You are God of firmament of heaven. Tu xudäne a'rSë a'zïmï/a'zmâni
Initially ancient (...) , A'maldä däni qadîml(...)
You bave no home, no shelter. Ta na mala, ta nap'arda
You have no colouration, no colour. Ta na lawna, ta na ranga.
You have no voice, nor sound Ta na äwäza, ta na danga.
No one knows what you are (...) Kas nizäna tu cawänt (...)
You give souls...'"' nuh'ädidL..

About the self-centered God we read in the following passages of pray-

ers {Dû'a Ziyaretbûn and Dû'a Tifaqê):
God saluted himself (...) ' Xudê U xo kir silave (...)
As yet, earth and sky did not exist Hê§ta 'erd û 'ezman nebû
The King was lonely in the Pearl Peci§a It nava duré xewle bû
He loved to make pilgrimage Ew muhibê ziyaretiya nûra xo bû.
to his own light (...)
He had prostrated himself before his King ... Kê§abû berPed§êxo sicûde
It was always He himself, Ker ewe bi xome 'bûde.
he was his own object of worship.'**
And cf.
...God became aware of himself in the Pearl." ...Xûdêxo naskir linav durêye.

Ali that are in the universe are under me... (...)

And I am he to whom the Lord of heaven hath said: »'—¡' Mj
Thou art thejust judge and ruler of the earth. (...) L>» jVI ¡¿U j J J U I ^Ull csi
And I am 'Adi aá-Sami, the son ofMusafir. (...) Ji» ùi' ijr-^' L?-^^ ^' J
In the secret of my knowledge there is no God but me. 14 jf^ •J' ^y. >- <JF^J*- > - i^
Regarding the sharp distinction between God and Sultan Yezid, called "the prince of
this world", described as a helper in creation, see, e.g. The Hymn of the Thousand and One
Names in Kreyenbroek/Rashow 2005:74-82.
" Cf. eg. The Hymn of the Creation of the World {Qewlê Aftrína Dinyayê 4) in ibid.
"= Original text (from: Celil/Celil 1978:323-324), English translation in Asatrian/Arakel-
ova 2003:5-6.
"^ The Prayer of Pilgrimage {Dû'a Ziyaretbûn), translation and original text in Kreyen-
broek/Rashow 2005: io8.
32 A. Rodziewicz /Iran and the Caucasus 18 (2014) 27-45

But the demiurgic features are usually attributed to the Trinity in

which the cardinal role is played by Melek Tawus."*
The aforementioned elements have their explicit parallels in the theo-
ries of Plato and Aristotle. In the Platonic texts we can find a description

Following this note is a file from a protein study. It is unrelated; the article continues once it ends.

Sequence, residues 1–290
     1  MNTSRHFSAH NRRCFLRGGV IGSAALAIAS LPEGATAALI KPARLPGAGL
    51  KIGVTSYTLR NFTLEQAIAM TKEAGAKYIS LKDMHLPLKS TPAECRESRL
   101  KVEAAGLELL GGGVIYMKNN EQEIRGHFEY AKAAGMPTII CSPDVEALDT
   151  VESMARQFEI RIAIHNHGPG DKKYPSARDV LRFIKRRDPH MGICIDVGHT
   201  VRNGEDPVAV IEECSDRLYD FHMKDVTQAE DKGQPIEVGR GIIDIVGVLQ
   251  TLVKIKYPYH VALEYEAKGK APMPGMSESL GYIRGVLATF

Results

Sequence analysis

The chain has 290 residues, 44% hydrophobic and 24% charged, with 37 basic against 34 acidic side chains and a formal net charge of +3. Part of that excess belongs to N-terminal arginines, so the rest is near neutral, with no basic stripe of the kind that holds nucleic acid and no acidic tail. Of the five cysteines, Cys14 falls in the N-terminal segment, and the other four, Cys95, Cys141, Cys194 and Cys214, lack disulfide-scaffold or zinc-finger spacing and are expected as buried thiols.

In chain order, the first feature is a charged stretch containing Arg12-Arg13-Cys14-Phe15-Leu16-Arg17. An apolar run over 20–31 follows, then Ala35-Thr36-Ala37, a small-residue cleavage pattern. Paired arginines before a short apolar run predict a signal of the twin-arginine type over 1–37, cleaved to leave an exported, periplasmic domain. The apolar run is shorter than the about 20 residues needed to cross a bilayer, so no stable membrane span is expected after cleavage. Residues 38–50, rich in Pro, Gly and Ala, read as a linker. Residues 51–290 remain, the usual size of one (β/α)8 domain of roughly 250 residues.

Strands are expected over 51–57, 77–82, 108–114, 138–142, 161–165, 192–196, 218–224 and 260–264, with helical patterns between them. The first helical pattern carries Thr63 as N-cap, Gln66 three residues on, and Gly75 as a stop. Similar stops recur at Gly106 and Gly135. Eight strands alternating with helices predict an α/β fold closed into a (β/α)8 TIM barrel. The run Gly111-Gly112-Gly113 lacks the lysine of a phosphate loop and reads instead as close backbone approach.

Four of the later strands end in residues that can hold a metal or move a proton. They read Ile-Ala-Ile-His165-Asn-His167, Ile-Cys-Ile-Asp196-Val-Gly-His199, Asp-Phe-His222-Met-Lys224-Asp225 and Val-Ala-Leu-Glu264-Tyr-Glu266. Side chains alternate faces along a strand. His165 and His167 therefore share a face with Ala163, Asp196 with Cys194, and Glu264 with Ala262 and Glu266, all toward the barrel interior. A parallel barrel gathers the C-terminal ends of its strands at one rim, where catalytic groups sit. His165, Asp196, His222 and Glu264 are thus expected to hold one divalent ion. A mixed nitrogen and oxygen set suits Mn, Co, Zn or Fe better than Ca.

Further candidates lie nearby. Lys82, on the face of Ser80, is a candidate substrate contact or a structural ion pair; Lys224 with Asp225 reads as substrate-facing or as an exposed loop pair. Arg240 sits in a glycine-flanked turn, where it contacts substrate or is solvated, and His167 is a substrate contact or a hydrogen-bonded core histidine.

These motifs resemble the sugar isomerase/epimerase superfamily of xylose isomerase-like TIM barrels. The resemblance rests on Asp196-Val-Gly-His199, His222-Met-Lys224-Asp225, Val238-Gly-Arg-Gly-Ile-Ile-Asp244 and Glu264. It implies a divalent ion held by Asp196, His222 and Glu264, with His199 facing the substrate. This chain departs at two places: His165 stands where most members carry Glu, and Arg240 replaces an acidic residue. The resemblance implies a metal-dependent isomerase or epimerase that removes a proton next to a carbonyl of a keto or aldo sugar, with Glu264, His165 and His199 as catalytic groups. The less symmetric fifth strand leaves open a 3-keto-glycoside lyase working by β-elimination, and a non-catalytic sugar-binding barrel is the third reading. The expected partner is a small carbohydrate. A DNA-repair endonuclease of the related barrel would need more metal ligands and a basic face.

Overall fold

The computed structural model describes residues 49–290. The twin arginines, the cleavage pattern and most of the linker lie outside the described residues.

of God as either the absolute Good whose image is the Sun,''' or the Mind,
which is the demiurge of the world—firstly the mental and invisible, and
then—with the cooperation of gods-demiurges created by him {Timaeus
41a)—the material world and the human beings.""' Demiurge is also agent
forming the World Soul. At the same time in the Platonic texts (as well as
in a large number of Greek works) one can find a connection between
these lesser gods and the planets, which is also a common feature with
On the other hand, in the writings of Aristotle (Metaphysics, On the
Soul), we find the mention of God as the eternal Unmoved Mover or the
Prime Mover remaining outside of the world being also its beginning, who
is also the essence and activity^' and the Mind thinking about itself.^^
Both of these conceptions—of Aristotle and Plato—were later com-
bined into one theory,"-^ which in the most complete version can be traced
in the writings of Plotinus and later Platonists. According to this theory,
the heginning of reality is the absolute indivisible and unnamed One (Gr.
ev) in which the individual hypostases have their origin—firstly the Mind
(Gr. voûç), secondly the Soul or Spirit. In a certain sense, therefore, the

" The Prayer ofAgreement (Dû'a Tifaqê), Kreyenbroek 1991: no.

'* Hymn to tiiatak Taus 21: "0 my Lord, you are the creator, we the creatures" (Asa-
trian/Arakelova 2003: i8).
" Esp. in the Potiteia 5o8bi2-509bio where it is also clearly stated that it is beyond the